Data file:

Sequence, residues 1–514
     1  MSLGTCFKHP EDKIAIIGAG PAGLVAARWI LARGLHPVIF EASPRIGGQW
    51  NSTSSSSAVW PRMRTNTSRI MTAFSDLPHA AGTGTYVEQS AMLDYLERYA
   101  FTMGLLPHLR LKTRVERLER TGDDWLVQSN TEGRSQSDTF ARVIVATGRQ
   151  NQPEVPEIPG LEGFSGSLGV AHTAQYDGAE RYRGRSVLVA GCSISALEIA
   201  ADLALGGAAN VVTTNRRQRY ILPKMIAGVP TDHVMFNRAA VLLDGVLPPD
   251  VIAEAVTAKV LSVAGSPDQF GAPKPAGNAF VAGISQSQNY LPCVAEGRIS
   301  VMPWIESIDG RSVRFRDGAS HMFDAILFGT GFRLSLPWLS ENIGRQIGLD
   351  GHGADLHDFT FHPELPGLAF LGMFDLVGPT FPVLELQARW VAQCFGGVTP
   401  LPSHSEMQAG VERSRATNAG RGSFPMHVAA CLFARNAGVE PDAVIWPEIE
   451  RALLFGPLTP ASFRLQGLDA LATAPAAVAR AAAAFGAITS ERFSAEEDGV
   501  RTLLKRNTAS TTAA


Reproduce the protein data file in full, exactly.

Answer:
Sequence, residues 1–514
     1  MSLGTCFKHP EDKIAIIGAG PAGLVAARWI LARGLHPVIF EASPRIGGQW
    51  NSTSSSSAVW PRMRTNTSRI MTAFSDLPHA AGTGTYVEQS AMLDYLERYA
   101  FTMGLLPHLR LKTRVERLER TGDDWLVQSN TEGRSQSDTF ARVIVATGRQ
   151  NQPEVPEIPG LEGFSGSLGV AHTAQYDGAE RYRGRSVLVA GCSISALEIA
   201  ADLALGGAAN VVTTNRRQRY ILPKMIAGVP TDHVMFNRAA VLLDGVLPPD
   251  VIAEAVTAKV LSVAGSPDQF GAPKPAGNAF VAGISQSQNY LPCVAEGRIS
   301  VMPWIESIDG RSVRFRDGAS HMFDAILFGT GFRLSLPWLS ENIGRQIGLD
   351  GHGADLHDFT FHPELPGLAF LGMFDLVGPT FPVLELQARW VAQCFGGVTP
   401  LPSHSEMQAG VERSRATNAG RGSFPMHVAA CLFARNAGVE PDAVIWPEIE
   451  RALLFGPLTP ASFRLQGLDA LATAPAAVAR AAAAFGAITS ERFSAEEDGV
   501  RTLLKRNTAS TTAA